The Detoxing Man is Adaptable (of spirit and intention).
I have often said that I’ve been married at least 5 times, and it is just lucky that they have all been to the same person. I am not the same man I was when I got married at 21 or the same man at 23 when we had our first child or the same man at 25 or 30 when we had our second and third children. I am not the same man even now as I see our older kids succeeding in high school and looking out into their own independent futures.
I mean, how could I be? The things that I needed to hold within myself as a newlywed with a basement apartment that cost $500 a month to rent are nothing compared to the weighty needs of this moment nearly two decades later. But, it wasn’t by accident that I grew and changed. My original intention was to teach for my entire career. I was going to be the old man English teacher who had traditions of yearly reading a single book that I would be known for just like my high school had with Moby Dick and Jude the Obscure.
But, my intentions needed some adaptation. They needed to morph and grow in scope when we welcomed our first two children into the world. They changed the game, both because of the monetary support they required and the flexibility needed to care for them. My intentions to be a good father came in direct conflict with my intentions for being an English Department Chair and immovable pillar of a particular school community. I needed to adapt to meet the needs of my family, and I am so glad that I did.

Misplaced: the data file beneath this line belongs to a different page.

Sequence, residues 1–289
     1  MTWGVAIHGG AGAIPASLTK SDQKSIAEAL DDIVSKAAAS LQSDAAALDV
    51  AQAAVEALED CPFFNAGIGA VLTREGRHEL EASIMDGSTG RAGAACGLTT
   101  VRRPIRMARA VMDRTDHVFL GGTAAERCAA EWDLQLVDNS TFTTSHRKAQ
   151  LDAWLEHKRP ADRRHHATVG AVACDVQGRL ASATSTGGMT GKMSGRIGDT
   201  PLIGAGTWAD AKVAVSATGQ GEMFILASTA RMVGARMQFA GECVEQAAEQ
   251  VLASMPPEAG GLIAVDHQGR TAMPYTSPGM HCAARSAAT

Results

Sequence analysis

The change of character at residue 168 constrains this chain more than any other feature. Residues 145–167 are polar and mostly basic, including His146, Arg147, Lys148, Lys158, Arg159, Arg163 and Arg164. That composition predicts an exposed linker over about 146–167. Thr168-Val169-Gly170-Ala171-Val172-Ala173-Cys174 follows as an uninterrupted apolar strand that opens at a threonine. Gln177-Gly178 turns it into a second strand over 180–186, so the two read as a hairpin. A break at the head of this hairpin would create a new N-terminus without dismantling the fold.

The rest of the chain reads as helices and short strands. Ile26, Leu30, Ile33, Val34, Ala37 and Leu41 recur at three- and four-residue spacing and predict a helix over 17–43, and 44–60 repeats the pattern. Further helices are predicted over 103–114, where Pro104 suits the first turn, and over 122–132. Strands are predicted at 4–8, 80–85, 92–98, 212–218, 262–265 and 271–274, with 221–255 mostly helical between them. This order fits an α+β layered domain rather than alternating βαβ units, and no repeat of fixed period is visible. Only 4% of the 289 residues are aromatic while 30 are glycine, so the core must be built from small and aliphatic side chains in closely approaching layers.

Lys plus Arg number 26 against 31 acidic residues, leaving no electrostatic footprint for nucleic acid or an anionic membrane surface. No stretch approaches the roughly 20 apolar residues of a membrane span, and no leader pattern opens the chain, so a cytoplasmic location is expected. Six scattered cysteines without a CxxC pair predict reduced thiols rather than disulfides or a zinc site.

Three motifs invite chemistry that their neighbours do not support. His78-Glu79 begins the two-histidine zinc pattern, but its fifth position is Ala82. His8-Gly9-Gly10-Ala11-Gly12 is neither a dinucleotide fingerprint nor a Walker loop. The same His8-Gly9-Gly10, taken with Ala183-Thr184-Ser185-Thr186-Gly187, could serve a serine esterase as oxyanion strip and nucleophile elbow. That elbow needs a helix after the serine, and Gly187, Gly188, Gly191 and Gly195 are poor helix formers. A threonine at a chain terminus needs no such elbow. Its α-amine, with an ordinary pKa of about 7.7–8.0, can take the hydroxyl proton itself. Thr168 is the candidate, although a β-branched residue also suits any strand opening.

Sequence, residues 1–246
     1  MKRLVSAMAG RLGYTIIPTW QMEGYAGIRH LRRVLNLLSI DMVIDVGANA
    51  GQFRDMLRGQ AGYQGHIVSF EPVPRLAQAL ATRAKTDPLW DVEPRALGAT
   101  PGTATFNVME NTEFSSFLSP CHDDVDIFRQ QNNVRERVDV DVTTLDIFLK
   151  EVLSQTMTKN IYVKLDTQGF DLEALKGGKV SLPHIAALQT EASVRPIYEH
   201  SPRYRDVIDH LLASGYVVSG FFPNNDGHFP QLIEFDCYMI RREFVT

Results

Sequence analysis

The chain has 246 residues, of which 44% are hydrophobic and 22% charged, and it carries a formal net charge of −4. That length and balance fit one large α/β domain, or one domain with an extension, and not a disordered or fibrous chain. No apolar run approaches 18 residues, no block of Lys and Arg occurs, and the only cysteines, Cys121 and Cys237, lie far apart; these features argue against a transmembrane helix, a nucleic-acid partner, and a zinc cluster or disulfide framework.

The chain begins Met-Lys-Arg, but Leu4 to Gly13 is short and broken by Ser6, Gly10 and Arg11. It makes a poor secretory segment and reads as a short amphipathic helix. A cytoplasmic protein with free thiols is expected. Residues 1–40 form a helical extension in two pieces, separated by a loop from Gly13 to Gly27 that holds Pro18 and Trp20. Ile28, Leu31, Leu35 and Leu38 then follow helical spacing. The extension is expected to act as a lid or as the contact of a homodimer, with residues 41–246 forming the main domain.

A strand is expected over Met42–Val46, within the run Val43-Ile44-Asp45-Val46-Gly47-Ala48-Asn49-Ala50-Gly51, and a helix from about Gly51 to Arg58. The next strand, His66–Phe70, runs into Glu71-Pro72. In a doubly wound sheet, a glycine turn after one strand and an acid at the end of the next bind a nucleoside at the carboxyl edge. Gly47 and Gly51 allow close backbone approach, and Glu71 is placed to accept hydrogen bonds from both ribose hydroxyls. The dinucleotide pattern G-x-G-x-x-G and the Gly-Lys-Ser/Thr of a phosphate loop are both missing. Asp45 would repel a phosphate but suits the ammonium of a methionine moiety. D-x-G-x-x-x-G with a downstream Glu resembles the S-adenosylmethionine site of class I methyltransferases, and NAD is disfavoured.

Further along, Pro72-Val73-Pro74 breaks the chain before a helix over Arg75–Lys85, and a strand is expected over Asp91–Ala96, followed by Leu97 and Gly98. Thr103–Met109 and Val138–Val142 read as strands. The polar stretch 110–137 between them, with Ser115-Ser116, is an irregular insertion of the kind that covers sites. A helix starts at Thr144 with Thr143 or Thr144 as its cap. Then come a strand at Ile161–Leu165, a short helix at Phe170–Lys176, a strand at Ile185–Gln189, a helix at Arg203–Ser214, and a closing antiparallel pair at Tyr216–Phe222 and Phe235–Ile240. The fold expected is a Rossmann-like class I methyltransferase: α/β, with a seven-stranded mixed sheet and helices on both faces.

And more recently, when all of my children needed to learn from home during a global pandemic of society-altering proportions, it called into question the very nature of work. My spirit, my very self, had always been driven to find time whenever possible to get work completed and fulfill my responsibilities to my employer. I would wake up early and answer emails or work over the weekend on a particularly important meeting, presentation, or document. And yet when I was called upon to parent, to teach, to find time for making meals while completing the same set of work, my spirit adapted. I was no longer bound by finding time to do all of the work. I was freed. To take the time my kids needed to set up for their virtual classes. To set up outdoor and indoor spaces so that we could all find ourselves “home” in different ways. To squeeze in games or a walk when we needed breaks or to recharge when the screens became too much.
I adapted to meet the needs of the moment. I became a different and better man because my value wasn’t tied to the simple output of my work. While still making sure to achieve my goals at my day job, I was able to find a much more fulfilling “job” by investing in the daily work of expanding what was possible within my family. We know each other differently and better. While I’m glad that my wife married the man I was in 2004, I am so much happier knowing that she didn’t have to stick with him.